In May 1921, the bodies of Anna Brown and her cousin Charles Whitehorn were discovered on the same day in different parts of the county. Two months later, Brown’s mother Lizzie Kyle, who had inherited headrights, was killed by poisoning. Then, Lizzie’s nephew was killed in February 1923—and on March 10, Lizzie’s daughter, her son-in-law, and a domestic worker died in a mysterious explosion at their home. The deaths sparked panic throughout Osage County and became known as a “reign of terror.” Meanwhile, the massive wealth of the Kyle family was inherited by the only survivors—Mollie Kyle, a full-blooded Osage who was Lizzie’s last remaining daughter, and her white husband Ernest Burkhardt.
The Kyles weren’t the only Osage people who died around this time, all under suspicious circumstances that included suspected poisonings, supposed suicides, and even being thrown off a train. Between 1921 and 1925, at least 60 Osage people were murdered or disappeared. All possessed wealth due to their headrights—and the Osage Tribal Council suspected that a prominent local white cattleman, William K. Hale, might be to blame.
Hale, originally from Texas, was known for his exploitative financial dealings with Osage people, and he was of outsized influence in Osage County. He owned or partially controlled the bank, the local general store, the funeral home, and even served as a reserve sheriff. Hale’s nephew, Burkhardt, was married to Mollie Kyle, who had now inherited her family members’ millions. Though the murders continued, local investigations and law enforcement efforts to solve the murders failed.
The Osage Tribal Council turned to the federal government for help solving the mystery of the murders. In response, the Bureau of Investigation, now known as the Federal Bureau of Investigation, began an undercover investigation in the area.
As the investigation began teasing out Hale’s possible connection to the killings, more murders occurred. When Mollie Kyle confessed to her priest that she thought she might be being poisoned, investigators cracked the case. Hale, it turned out, had pressured his nephew to marry Kyle, then engaged contract killers to murder her entire family. Under pressure from his uncle, Burkhardt had been giving his wife poison-laced whiskey to drink.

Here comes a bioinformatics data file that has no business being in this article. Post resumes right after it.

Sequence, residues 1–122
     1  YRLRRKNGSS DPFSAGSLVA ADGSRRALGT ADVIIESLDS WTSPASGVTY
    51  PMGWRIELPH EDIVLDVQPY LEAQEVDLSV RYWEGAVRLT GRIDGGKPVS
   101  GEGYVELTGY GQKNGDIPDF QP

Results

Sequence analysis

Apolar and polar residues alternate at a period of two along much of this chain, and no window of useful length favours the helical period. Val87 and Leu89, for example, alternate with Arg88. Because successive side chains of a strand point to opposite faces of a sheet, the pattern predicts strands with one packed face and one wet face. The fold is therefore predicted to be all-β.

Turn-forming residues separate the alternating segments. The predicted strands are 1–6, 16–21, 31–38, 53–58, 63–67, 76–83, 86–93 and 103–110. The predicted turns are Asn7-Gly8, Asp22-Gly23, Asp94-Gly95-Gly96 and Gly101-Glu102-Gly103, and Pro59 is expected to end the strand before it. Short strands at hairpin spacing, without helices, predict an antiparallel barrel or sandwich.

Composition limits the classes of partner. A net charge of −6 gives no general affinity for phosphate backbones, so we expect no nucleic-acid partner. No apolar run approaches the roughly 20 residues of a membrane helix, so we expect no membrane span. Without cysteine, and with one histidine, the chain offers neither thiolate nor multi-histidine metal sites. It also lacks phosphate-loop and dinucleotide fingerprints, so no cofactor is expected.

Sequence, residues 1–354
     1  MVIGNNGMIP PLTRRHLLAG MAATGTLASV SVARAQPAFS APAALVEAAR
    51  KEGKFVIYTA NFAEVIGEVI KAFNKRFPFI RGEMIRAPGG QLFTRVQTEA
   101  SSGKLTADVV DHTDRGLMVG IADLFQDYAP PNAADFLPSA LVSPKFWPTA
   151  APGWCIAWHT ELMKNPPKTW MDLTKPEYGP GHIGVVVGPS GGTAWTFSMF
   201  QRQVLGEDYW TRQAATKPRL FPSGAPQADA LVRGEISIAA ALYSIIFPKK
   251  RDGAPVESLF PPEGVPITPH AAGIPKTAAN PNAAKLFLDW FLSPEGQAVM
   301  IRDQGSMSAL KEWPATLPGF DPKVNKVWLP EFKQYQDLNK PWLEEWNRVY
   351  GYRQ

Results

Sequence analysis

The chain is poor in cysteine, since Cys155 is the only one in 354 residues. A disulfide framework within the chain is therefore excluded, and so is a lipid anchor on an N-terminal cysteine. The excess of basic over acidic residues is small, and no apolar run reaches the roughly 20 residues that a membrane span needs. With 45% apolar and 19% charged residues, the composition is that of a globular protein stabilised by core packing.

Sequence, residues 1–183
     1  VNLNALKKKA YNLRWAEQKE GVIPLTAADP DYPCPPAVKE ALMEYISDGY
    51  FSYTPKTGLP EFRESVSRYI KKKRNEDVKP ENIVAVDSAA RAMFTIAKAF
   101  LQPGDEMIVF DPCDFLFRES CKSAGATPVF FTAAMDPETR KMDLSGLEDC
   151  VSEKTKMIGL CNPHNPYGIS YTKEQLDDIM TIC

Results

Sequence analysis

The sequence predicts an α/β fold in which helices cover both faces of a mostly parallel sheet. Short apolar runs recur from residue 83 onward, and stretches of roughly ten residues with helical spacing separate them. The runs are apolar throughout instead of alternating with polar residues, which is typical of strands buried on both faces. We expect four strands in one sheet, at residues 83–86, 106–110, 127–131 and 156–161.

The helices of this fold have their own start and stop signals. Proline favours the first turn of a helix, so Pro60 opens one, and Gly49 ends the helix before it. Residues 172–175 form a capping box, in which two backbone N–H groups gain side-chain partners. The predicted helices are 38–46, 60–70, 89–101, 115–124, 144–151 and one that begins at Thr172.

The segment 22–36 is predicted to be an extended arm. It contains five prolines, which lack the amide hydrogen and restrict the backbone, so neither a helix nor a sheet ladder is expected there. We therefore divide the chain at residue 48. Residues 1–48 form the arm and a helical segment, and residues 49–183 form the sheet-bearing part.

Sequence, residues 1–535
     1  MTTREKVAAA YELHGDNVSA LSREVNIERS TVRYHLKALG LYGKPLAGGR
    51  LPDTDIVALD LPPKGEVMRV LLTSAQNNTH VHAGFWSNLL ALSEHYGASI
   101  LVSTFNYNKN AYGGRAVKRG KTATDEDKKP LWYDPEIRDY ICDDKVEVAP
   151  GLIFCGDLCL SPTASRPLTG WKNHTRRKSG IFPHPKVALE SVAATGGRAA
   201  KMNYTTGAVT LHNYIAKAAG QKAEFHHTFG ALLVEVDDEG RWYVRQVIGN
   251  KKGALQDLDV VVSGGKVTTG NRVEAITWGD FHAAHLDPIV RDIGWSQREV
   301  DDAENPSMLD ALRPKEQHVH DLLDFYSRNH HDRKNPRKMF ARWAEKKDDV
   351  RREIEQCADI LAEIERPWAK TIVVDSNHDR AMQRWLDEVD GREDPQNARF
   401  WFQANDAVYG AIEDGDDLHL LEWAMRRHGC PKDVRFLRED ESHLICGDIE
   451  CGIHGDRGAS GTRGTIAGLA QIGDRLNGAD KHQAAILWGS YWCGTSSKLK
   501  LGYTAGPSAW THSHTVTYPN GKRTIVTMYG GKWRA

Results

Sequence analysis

After a variety of state and federal trials that mesmerized the nation with their dramatic proceedings—and the murders of several potential witnesses—Hale and two accomplices were sentenced to life in prison. But many of the Osage murders remain unsolved mysteries.
“Killers of the Flower Moon”
Nor did the saga of the Osage Nation’s wealth end with the killers’ convictions. In 1925, Congress passed a law prohibiting non-Osage people from inheriting headrights owned by people with Osage or other Native American ancestry. But complaints about the federal government’s dealings with the Osage Nation’s assets continued. In 2011, after decades of legal tussling, the U.S. government finally gave the Osage Nation a $380 million settlement and agreed to a variety of measures designed to better manage the Osage Nation’s assets.
Today, the Osage Nation murders are largely thought to have been the case that helped birth the FBI and modern law enforcement, which relies on extensive investigations, undercover operations, and the use of informants to crack complex criminal cases. Though the murders began over a century ago, they still echo in the lives and finances of the Osage people.
Today, the Osage Nation notes on its website, approximately 26 percent of Osage headrights remain in non-Osage hands and can be passed on to non-Osage entities at will. Though the Killers of the Flower Moon looks at long-past events, the Nation writes, “We are not relics. The Osage Nation is thriving on our Reservation in Northeast Oklahoma - a people of strength, hope, and passion, honoring the stories of the past and building the world of the future.”